Yorkie beat Torkie, but only by a day. After 945 meters of digging southward, the first 6.4-m-dia tunnel-boring machine broke through the headwall of the extraction shaft at what will be Black Creek Pioneer Village Station on June 13. The next day, its twin TBM, nicknamed Torkie, followed. The earth-pressure-balance TBMs did not match the unusual feat of Nov. 12, when they completed—almost simultaneously—1.7 kilometers south from theBlack Creek shaft to a future Finch West Station site.
The June breakthroughs—which were tweeted by the proud “parents” at the Toronto Transit Commission (TTC) at every stage of progress—mark the next-to-last leg of 6.7 km of twin tunneling for the $2.6-billion project. After this, Torkie and Yorkie will head north, enter a launch shaft at the Highway 407 site and dig the final 1.3 km to the northern end of the new line, which will link the city of Toronto with the municipality of York.
The 8.6-km-long Toronto York-Spadina Subway (TYSS) extension marks an ongoing revival of parts of a $5-billion, 25-year plan for Toronto's mass transit, slashed in 1995 by the provincial government. The sole survivor, the $577-million, 6.4-km-long Sheppard Subway, was completed in 2002. Four years later, the Ontario government announced it would invest $1 billion in transportation, with over half allocated for TYSS. Growing demand for transit helped spur the revival. "York University was growing, and the city of Vaughan wanted a line," says Joanna Kervin, TTC director of third party, planning and property. The federal government put in $697 million. Toronto and York are funding the rest of the $2.6 billion.
In 2010, TTC held open houses regarding the six station designs and awarded preliminary contracts. It also held a naming contest for the four TBMs, which, in advance of design, it had purchased from Caterpillar Inc. for $54 million. The results: Torkie, Yorkie, Holey and Moley. Holey began digging the southernmost tunnels from a launch shaft at an existing station in mid-2011, followed shortly by Moley. Yorkie began digging the northern tunnels in December, followed by Torkie in February 2012.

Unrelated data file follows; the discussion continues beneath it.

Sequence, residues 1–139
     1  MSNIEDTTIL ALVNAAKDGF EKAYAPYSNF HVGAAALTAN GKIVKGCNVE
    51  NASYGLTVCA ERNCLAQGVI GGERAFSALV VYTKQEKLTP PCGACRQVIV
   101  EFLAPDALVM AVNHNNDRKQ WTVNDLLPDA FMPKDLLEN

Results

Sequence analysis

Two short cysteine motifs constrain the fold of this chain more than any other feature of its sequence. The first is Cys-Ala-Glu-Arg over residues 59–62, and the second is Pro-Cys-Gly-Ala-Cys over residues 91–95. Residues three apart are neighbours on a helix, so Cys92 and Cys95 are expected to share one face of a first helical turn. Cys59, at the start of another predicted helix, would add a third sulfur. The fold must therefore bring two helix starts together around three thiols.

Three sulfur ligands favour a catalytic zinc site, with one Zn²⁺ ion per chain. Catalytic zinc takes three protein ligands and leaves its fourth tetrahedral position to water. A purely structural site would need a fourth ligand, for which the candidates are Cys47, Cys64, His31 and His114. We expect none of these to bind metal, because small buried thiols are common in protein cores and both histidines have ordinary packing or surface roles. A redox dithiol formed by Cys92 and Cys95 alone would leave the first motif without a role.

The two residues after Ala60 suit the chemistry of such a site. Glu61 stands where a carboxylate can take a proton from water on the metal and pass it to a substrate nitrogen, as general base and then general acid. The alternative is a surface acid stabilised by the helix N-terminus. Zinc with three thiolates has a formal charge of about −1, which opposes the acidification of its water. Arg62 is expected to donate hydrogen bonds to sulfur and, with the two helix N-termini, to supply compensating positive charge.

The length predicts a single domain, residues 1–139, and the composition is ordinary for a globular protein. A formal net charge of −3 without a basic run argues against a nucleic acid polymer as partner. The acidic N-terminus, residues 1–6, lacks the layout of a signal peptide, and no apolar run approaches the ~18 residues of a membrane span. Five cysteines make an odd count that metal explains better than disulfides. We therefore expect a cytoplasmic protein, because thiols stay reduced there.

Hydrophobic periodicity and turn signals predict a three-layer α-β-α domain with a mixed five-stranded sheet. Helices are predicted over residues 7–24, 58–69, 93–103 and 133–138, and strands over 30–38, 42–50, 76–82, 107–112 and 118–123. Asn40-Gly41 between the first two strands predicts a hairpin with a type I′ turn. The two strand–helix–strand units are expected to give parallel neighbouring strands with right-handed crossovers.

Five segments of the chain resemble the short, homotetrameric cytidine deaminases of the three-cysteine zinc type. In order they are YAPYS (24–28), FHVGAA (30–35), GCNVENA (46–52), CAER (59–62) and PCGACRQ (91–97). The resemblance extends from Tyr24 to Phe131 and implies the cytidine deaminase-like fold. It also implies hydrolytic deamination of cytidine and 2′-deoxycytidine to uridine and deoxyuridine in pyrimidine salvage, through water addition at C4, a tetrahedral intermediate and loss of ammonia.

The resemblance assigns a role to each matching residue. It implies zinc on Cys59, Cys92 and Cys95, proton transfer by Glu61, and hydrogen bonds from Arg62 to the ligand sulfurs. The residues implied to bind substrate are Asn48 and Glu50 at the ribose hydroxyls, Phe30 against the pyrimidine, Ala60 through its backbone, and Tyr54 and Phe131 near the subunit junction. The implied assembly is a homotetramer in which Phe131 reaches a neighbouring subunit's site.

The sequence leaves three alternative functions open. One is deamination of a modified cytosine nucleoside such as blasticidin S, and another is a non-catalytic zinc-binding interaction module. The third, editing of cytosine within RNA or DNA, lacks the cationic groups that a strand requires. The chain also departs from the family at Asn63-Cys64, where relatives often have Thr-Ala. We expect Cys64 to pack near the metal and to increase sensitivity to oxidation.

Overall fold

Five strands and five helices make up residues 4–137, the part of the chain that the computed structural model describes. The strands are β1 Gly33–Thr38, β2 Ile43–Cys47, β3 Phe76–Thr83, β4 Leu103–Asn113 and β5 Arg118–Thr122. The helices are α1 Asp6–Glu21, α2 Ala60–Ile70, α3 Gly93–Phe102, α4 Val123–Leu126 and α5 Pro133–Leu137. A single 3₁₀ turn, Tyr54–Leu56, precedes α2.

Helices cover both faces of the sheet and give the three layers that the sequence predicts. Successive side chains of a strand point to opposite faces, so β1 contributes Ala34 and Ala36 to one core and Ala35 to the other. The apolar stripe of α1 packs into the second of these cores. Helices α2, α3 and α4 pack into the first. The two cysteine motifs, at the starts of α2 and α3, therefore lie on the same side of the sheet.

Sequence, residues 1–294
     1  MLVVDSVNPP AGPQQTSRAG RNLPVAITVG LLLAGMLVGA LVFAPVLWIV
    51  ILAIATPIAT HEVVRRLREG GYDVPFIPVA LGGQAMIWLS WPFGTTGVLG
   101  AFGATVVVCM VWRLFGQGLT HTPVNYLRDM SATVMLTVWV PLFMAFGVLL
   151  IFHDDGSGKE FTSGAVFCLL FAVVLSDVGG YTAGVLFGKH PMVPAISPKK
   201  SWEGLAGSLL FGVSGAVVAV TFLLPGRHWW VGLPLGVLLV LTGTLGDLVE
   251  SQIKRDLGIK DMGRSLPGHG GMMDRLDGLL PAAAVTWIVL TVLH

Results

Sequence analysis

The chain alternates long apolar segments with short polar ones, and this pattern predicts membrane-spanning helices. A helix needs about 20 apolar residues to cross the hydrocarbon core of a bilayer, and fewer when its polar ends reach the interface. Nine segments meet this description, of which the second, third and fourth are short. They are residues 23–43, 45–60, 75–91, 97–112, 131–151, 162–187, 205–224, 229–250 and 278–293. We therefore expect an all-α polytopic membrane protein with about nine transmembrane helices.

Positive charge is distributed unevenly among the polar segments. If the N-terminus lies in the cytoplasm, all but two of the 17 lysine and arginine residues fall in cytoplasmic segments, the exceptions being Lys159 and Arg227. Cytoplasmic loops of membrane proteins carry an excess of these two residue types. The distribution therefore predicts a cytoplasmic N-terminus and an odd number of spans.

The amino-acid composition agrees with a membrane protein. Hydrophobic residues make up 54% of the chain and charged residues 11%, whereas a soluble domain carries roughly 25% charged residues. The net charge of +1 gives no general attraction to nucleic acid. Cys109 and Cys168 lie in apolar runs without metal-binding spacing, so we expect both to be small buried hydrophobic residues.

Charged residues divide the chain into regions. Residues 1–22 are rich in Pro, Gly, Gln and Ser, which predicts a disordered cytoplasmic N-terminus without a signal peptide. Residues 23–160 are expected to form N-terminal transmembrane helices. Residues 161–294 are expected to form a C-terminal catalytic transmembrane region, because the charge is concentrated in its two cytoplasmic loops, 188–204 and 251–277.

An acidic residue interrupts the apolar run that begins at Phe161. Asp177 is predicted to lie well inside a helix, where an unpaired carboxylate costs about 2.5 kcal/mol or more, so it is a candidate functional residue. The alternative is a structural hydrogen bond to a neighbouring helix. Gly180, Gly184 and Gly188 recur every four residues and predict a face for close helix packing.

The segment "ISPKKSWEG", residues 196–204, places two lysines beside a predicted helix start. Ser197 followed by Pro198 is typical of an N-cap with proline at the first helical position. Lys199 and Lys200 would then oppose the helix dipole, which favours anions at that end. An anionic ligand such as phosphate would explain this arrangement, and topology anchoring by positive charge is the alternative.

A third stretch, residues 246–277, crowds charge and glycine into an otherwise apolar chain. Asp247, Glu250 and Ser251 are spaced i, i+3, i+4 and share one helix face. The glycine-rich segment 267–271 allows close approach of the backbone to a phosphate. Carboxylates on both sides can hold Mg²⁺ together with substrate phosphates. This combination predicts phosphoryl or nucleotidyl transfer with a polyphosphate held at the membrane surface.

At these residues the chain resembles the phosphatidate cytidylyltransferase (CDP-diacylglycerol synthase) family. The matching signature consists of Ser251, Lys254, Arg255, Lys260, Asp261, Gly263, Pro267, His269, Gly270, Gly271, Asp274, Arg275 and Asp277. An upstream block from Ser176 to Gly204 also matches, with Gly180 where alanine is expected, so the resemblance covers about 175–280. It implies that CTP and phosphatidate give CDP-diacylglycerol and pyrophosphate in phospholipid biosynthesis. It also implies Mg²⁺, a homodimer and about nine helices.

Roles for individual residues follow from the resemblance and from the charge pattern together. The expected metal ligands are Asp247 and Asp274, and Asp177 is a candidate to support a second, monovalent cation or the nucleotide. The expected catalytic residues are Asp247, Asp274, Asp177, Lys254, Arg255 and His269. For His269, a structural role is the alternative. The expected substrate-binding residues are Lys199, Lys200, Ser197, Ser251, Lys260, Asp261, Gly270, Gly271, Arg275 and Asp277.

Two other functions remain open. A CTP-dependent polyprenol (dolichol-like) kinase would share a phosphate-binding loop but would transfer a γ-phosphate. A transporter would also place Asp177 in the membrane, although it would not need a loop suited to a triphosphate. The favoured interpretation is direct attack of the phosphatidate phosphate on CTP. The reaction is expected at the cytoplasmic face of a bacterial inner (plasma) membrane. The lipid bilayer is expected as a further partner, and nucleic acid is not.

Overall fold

Construction was held up for four months after a worker was killed October 2011 by a toppled drill rig. Ontario's Ministry of Labor halted work at the Yori University station site and filed charges against the Madrid-based firms Obrascon Huarte Lain and FCC Construccion, along with drill-rig supplier Advanced Construction Techniques. The OHL-FCC joint venture made its Canadian debut in 2011 by winning the $410-million, lump-sum contract for the Highway 407 station, site excavation for the York University station and six kilometers of tunneling (ENR 2/28/11 p. 13). Legal proceedings are still under way.
The line's opening now is slated for 2016, instead of 2015, but the budget remains on track, and progress has been steady. Tunneling is 85% complete, and all contracts for station-related work are awarded, says Ted Zander, construction manager with the Spadina Link joint venture of Hatch Mott MacDonald, Delcan and MMM Group, construction manager for the TTC.
Tunnel designers with Hatch Mott MacDonald faced a tight 18-month deadline—as opposed to a more typical two to three years—to produce the first bid documents, says Chris Tattersall, HMM project manager. The funding partners had hoped for the project to be completed in 2015, which necessitated the truncated design period, Kervin notes. The 18 months allocated for design also included concurrent geotechnical investigations by Golder Associates Ltd.
The 6.7 km of tunnels entail 8,500 precast-concrete lining rings totaling some 51,000 segments. Each ring consists of six trapezoidal segments, reinforced with steel bolts, dowels and guide rods. HMM used Bentley's solid-modeling computer-assisted-design software to model the rings, which had manufacturing tolerances of 1.5 millimeters for any segment over three meters long.
While this was HMM's first use of BIM on a subway project, it was more "evolutionary" than groundbreaking, Tattersall says. In addition to the fairly typical use of BIM for the alignment and its rarer use for the linings, "we took the step of using it also on utilities here. The utility information came in as 2D files, and we added the third dimension manually," he says. Since the alignment curves are "pretty tight here, we did a 3D mock-up in computer-assisted design of one of the junctions with an emergency-exit building, which is a shaft that comes up to grade," Tattersall says. "With that access stair, piping, electrical equipment plus the tight radius of curves, I needed to be sure it would all fit."